5.1 Evaluation of the Model

On pre-processing the acquired data set, the number of images under analysis is reduced. In order to ensure the maximum accuracy of the proposed model, the contribution of the k-fold cross-validation technique is adopted. However, out of the entire dataset images, the FER system separated 80% of images under training dataset and 20% of the images. The 5 fold cross-validation process was incorporated such that, out of the sliced blocks of data, one slice was used for testing the data under every iteration. Similarly, the training data were used to test in either of the epochs. This cross-validation method act as a trial method to maximize the training dataset that results in increased accuracy.

Though the number of frames involved in training the ASD positive case stands to be minimum, the dataset is boosted by its volume on applying the k-fold method. Also, the exploration of facial expressions stands to be near accurate to the processing capacity. Through the analysis, it is clearly inferred that the majority of the facial expression shown by either group of children is computed through the summation of prioritized facial expressions shown by every individual.

5.2 Accuracy Comparison of the Proposed Models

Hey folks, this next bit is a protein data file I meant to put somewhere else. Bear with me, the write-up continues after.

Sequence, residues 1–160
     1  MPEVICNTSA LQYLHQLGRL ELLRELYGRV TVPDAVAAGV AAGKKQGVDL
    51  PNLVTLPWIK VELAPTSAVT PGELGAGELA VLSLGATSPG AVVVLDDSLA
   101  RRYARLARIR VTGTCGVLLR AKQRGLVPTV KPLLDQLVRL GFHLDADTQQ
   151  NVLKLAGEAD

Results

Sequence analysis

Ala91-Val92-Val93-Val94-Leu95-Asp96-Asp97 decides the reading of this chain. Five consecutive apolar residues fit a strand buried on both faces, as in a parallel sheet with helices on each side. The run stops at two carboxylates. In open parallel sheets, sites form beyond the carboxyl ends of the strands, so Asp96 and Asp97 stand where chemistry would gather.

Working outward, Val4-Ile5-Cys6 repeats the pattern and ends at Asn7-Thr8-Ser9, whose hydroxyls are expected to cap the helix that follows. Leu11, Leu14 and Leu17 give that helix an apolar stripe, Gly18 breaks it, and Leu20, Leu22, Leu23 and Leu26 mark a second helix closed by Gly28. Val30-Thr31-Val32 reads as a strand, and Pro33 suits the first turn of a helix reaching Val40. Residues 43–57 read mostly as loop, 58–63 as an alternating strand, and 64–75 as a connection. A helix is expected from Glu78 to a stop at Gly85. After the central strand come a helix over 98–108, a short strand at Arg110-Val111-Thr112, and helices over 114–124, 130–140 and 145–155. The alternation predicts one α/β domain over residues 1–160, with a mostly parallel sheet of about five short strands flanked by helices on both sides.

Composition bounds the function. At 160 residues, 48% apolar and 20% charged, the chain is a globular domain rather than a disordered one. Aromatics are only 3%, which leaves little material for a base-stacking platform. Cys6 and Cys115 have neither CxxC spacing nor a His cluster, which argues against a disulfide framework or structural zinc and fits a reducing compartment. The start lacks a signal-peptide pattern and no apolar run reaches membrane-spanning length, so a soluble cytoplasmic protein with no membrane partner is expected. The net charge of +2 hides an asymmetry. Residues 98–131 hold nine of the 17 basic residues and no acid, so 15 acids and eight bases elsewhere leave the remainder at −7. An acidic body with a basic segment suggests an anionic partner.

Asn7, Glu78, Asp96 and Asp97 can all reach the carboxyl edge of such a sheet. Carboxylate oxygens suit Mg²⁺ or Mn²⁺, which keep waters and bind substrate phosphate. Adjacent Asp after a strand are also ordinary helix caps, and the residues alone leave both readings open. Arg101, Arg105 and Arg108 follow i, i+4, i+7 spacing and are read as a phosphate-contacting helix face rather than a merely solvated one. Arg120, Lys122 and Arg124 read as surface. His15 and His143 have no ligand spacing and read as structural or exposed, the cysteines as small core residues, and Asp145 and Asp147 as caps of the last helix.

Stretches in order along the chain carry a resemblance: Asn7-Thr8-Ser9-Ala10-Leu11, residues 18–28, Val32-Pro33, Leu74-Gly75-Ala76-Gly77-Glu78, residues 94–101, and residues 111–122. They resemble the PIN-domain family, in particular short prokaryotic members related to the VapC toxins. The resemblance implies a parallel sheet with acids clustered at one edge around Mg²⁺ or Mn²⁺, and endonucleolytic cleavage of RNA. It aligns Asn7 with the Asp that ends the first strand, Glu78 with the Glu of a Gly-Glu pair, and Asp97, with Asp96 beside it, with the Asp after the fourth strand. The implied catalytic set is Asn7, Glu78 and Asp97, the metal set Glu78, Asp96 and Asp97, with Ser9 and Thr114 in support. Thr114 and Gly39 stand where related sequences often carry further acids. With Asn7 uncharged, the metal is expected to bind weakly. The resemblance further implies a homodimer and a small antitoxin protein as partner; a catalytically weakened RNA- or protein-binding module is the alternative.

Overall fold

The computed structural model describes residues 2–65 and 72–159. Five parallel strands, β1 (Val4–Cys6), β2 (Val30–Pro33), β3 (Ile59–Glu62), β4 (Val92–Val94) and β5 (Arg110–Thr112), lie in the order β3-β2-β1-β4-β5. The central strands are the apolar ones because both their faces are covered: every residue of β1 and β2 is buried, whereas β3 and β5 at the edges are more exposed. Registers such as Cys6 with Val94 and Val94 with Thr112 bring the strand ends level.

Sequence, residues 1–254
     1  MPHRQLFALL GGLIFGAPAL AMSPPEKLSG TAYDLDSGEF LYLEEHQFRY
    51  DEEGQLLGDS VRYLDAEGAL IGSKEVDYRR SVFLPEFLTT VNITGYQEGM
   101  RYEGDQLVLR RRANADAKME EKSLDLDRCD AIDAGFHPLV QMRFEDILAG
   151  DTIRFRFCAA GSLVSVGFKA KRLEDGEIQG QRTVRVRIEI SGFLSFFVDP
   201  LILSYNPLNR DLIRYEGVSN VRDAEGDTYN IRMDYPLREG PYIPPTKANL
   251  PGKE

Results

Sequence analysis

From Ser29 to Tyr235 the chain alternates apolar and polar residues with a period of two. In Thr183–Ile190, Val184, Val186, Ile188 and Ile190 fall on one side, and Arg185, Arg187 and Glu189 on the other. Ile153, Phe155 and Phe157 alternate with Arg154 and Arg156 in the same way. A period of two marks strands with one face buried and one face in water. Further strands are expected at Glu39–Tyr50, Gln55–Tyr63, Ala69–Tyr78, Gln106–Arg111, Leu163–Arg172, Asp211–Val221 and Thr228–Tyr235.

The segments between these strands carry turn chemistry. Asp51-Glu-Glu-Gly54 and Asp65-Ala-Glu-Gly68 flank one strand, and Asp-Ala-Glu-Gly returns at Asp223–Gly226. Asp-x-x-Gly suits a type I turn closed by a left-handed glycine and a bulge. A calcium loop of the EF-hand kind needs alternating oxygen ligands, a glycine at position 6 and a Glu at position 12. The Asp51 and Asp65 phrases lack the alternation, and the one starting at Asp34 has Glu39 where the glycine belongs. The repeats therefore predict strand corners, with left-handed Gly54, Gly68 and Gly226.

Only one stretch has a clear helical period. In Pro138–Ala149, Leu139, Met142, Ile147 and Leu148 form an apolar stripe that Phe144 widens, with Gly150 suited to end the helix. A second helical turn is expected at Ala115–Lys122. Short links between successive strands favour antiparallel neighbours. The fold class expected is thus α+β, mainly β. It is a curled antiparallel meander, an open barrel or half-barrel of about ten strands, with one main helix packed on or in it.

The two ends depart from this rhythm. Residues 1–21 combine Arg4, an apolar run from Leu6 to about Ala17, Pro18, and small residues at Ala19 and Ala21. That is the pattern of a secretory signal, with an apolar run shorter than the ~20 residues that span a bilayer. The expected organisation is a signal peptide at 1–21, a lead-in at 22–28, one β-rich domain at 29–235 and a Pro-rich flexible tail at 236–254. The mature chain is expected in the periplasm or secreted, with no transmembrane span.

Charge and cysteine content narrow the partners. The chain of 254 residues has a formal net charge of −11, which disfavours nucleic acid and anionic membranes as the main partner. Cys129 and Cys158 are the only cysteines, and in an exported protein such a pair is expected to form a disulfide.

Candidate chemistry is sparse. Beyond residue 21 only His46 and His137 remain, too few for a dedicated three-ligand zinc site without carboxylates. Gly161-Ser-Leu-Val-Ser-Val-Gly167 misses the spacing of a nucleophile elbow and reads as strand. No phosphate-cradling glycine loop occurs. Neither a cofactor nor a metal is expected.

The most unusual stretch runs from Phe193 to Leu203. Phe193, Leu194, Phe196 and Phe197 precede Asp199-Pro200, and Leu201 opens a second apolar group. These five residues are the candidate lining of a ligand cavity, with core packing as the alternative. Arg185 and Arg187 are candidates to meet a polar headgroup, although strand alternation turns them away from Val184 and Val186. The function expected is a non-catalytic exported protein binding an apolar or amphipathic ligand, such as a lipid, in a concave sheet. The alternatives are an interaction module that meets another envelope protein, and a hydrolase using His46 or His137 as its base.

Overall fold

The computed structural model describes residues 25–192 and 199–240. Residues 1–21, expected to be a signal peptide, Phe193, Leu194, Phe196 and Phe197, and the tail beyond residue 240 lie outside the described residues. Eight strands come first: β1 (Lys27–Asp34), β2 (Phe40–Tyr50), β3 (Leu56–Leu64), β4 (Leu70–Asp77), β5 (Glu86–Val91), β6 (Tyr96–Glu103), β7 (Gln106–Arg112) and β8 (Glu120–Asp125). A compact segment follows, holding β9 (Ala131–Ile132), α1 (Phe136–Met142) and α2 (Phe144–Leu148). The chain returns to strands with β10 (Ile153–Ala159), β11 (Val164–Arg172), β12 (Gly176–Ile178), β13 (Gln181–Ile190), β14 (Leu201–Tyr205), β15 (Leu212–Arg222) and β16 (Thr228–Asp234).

The accuracy of the models are evaluated based upon the Eq. (9)

Accuracy=TP+TNTP+TN+FP+FN (9)

The accuracy of emotion analysis in children with ASD is evaluated across the training and test data performance. The emotion analysis undergoes series of iterations in linear prediction from the feedback of the previous layer and the following accuracy was observed as in Fig. 7.


Figure 7: Accuracy analysis of the proposed classifier over epochs

On the first epoch, the accuracy factor is determined as 0.8462 and in the upcoming iterations of the linear classifier, the accuracy factors were determined as 0.8784, 0.8937, 0.937826, and 0.954157 respectively. On average, the accuracy of the analysis is found to be approximately 91% in the fifth epoch. The number of iterations is halted owing to the computational complexity involved in executing the neural network. The accuracy could be further improved by increasing the data set size and training the classifier with much more varied and deeper feature combinations.